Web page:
Why Some Families Won't Qualify For Subsidized Health Insurance | WAMU 88.5 - American University Radio

NPR : News

Filed Under:

Why Some Families Won't Qualify For Subsidized Health Insurance

Quite a few families with expensive job-based health insurance may be ineligible for federal subsidies to help them buy cheaper coverage through new online insurance markets, under final rules released Wednesday by the Internal Revenue Service.

The two rules, published by the Treasury Department here and here, uphold earlier proposals outlining what is considered affordable, employer-sponsored coverage.

Under the federal health law, low- and moderate-income workers with job-based coverage that is deemed unaffordable can opt out of it and turn to new marketplaces, called exchanges, to buy subsidized insurance.

But the rule defines the standard for affordability more narrowly than most consumer groups had hoped. The threshold is defined as less than 9.5 percent of household income to cover the employee's share of premium costs — not on what he or she must pay to cover the entire family, which is generally more expensive.

Consumer groups had hoped to sway the IRS to base the affordability threshold on the cost of a family plan, saying the rules could prevent some children and spouses from getting coverage. A July report from the Government Accountability Office estimated that a small percentage of uninsured children — 6.6 percent of the total, or at least 460,000 — may be shut out because of how the government proposed to define affordable coverage.

"It doesn't make sense to test the affordability of children's coverage by looking at the cost of covering one person, the employee," said Joe Touschner, senior health policy analyst at Georgetown University's Center for Children and Families. More than 100 groups, including the March of Dimes, the American Academy of Family Physicians and the Children's Defense Fund, had signed a letter to the Treasury Department making that argument.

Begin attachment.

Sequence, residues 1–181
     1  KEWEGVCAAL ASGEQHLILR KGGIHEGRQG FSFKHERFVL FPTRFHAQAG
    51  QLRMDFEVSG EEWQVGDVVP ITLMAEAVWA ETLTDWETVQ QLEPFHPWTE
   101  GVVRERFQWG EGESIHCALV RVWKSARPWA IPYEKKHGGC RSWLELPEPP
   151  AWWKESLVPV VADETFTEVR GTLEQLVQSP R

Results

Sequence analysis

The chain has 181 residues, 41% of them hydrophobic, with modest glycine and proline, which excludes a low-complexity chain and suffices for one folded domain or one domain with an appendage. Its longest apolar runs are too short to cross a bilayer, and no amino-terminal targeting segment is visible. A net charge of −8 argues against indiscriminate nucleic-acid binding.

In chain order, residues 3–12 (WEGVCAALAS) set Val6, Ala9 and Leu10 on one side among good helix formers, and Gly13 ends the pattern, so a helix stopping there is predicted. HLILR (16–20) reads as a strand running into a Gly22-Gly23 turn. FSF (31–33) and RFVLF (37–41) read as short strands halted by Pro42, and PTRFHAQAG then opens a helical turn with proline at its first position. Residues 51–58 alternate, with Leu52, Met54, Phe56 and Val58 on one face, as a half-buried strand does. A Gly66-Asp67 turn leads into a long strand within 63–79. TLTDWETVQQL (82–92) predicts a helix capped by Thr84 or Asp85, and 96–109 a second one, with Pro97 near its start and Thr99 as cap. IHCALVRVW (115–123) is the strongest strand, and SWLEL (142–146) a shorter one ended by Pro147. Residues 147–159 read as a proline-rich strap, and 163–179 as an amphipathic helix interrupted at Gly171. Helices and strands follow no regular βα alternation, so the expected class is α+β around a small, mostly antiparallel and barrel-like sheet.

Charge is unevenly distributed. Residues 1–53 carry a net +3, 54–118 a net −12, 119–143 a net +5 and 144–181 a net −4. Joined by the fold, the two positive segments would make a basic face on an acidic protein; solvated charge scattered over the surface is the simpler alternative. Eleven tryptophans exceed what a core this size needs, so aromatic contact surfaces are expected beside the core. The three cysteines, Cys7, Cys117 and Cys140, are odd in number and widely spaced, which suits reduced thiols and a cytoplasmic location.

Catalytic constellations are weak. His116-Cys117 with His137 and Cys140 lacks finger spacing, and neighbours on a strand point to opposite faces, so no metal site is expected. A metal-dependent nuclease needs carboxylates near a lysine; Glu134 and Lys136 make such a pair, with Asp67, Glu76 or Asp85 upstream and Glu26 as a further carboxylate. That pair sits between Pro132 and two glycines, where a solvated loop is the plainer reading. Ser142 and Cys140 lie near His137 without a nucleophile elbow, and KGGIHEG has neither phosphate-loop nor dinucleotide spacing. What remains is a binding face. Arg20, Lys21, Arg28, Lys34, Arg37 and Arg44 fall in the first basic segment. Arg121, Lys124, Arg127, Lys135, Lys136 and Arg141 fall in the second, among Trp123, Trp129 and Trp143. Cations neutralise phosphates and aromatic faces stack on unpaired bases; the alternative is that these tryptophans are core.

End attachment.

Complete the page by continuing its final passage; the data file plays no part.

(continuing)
Touschner acknowledged that if the IRS had used the cost of family coverage as the threshold it would have boosted the cost of the law because more people would become eligible for subsidies.

Supporters of the rule, among them employer groups and insurance brokers, say it closely follows the wording in the law and will be easier to administer.

The final rules also outline exemptions to the federal law's requirement that most Americans carry health insurance coverage, including not being able to afford coverage.

The exchanges and subsidies, as well as the requirement that most Americans carry insurance, go into effect on Jan. 1, 2014.

Copyright 2013 Kaiser Health News. To see more, visit http://www.kaiserhealthnews.org/.

NPR

'Team America' Is Benched: Won't Return To Theaters, Reports Say

One day after some U.S. theaters vowed to screen Team America: World Police in the place of The Interview, whose release was canceled, word has emerged that Team America has also been pulled.
NPR

What The Change In U.S.-Cuba Relations Might Mean For Food

The decision to normalize relations is driving all kinds of speculation about American food companies opening up shop in Cuba. But analysts say: Don't expect to see McDonald's there anytime soon.
WAMU 88.5

Q&A: Rep. Chris Van Hollen On Alan Gross' Return From Cuba

The congressman from Maryland discusses his involvement in bringing the USAID contractor back to his home state after five years in a Cuban prison.
NPR

North Korea Has Invested Heavily In Cyberattacks

American officials have concluded that North Korea was behind the hack of Sony Pictures Company. Melissa Block talks to James Lewis of the Center for Strategic and International Studies.

Leave a Comment

Help keep the conversation civil. Please refer to our Terms of Use and Code of Conduct before posting your comments.